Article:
Government media ‘favouritism’ criticised

Cambridge and Te Awamutu News publisher David Mackenzie went into bat for the country’s community newspaper industry last week.

The Government has been told community newspapers should have been permitted to print and deliver – rather than daily and Sunday publications – during the Covid-19 lockdown.

In an appeal to allow his members to do their jobs, NZ Independent Community Newspapers Association (CNA) President David Mackenzie told the Covid-19 Epidemic Response Committee last week the decision to ban community publications was flawed.

Community newspapers, which are largely free and have increasing circulations, were initially declared non-essential and ordered to stop printing by the Government, which ruled only daily newspapers, which have lost tens of thousands of readers in the last decade and carry a cover price,  were essential and should continue.

A review of the decision to ban community newspapers from publishing enabled some mastheads to continue but the near-week long deliberation was fatal to many publishers who went into Covid hibernation.

“The digital alternative that the Ministry has imposed on most of our members is not an option for us.  We cannot secure the advertising revenue to support this way to publish…it simply does not work,” Mackenzie said.

NZ Independent Community Newspapers Association (CNA) President and Te Awamutu News publisher David Mackenzie

Mackenzie, who spoke during a four-hour committee hearing, noted that even after the ban on all community papers was lifted, the Government continued to ignore CNA members when placing Covid-19 advertisements, and instead showed favouritism towards foreign owned print and digital companies.

“We are being warned about fake news on social media… so stop supporting the platforms that distribute this,” he said. “Community newspapers have a much deeper engagement with their local communities than dailies.”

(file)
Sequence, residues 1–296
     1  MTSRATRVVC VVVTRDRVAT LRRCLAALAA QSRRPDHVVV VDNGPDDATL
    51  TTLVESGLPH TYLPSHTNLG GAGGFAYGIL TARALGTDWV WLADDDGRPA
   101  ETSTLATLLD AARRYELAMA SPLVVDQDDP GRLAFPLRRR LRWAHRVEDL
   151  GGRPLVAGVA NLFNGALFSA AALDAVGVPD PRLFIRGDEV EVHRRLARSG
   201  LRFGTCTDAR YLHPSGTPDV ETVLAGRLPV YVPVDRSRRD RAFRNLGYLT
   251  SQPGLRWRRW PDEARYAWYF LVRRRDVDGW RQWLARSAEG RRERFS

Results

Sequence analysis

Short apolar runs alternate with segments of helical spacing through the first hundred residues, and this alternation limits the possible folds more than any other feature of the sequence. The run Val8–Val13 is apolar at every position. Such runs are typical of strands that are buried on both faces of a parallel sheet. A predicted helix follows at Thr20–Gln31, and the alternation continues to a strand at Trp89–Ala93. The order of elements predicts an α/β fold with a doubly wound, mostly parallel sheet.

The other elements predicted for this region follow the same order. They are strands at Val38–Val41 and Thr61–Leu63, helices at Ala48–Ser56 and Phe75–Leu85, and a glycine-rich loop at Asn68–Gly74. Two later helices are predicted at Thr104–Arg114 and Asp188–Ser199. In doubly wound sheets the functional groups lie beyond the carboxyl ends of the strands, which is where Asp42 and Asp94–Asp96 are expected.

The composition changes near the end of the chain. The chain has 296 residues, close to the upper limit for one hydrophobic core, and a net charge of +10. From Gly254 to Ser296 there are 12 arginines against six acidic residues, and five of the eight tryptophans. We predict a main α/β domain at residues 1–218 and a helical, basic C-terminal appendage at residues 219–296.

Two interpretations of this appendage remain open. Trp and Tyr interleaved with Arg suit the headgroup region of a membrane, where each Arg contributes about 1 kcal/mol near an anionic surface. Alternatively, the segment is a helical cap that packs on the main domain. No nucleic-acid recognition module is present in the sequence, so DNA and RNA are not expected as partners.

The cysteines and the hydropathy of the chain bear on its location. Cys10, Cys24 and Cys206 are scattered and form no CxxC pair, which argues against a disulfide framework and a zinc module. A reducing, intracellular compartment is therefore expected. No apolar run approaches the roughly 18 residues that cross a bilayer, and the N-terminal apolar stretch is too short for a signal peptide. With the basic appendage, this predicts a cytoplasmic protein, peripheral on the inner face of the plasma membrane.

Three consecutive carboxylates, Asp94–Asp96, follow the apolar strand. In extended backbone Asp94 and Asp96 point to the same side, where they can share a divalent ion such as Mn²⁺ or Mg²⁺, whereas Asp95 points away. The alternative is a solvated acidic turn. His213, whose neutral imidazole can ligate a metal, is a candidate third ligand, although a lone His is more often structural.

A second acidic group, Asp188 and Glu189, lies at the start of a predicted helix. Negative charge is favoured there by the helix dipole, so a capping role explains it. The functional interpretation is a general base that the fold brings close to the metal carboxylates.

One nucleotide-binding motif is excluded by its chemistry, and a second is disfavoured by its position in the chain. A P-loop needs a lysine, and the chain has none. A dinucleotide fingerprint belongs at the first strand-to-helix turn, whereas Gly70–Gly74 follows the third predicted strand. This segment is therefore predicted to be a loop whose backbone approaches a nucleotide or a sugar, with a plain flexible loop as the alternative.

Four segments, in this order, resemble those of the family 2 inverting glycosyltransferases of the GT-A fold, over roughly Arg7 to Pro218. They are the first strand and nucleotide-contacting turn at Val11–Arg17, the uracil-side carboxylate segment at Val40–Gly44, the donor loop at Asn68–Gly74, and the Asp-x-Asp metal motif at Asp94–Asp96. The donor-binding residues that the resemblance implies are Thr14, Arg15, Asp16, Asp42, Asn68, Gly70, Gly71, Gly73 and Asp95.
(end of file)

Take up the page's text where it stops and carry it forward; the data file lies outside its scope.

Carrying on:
The CNA has 80 New Zealand owned mastheads producing newspapers all over the country. They are still banned from delivering in urban areas, though the move to Level 3 is expected to open the door to more deliveries.

The exclusion of community newspapers to urban letterboxes had been a major concern, Mackenzie said. He asked why daily newspapers were allowed to continue while community newspapers – which usually print one day a week – were not.

He said his submission to the committee was “not just about getting community newspapers to be able to fully publish again”.

“The objective was to minimise movement… stopping the dailies from distributing and keeping communities would [have been] a be a better way to minimise movement.”

He said his submission to the committee was “not just about getting community newspapers to be able to fully publish again”.

“We need our advertisers operating again… it’s all very well being able to publish but without support from our local businesses we can’t publish.  Our local businesses need to know their local community newspaper is fighting for them and their business as well.

“We are an organisation made up of predominantly SME’s with on average 10 FTE staff working and located at each town the publication serves – right now none of our members are expecting our businesses to better than break even.”

He told the committee the CNA wanted to see all community newspapers publishing again.

“We need local businesses to survive, we need our local advertisers to have a reason to start advertising again,” he said.

He said any government financial assistance should apply to all New Zealand media – “not just a few big corporates whose balance sheets were challenged well before Covid-19”.

Hours before the Government announced its plans to revert to Lockdown Level 3, one of those corporates benefitting from Government advertising, Stuff, announced a supporter programme where readers could make financial contributions.

David Mackenzie doubted CNA members would follow suit.

“From our perspective, we are here to serve our readers – and I am thinking particularly of elderly urban readers who have been isolated and missed their community newspapers during the lockdown – not ask them for money.”

 

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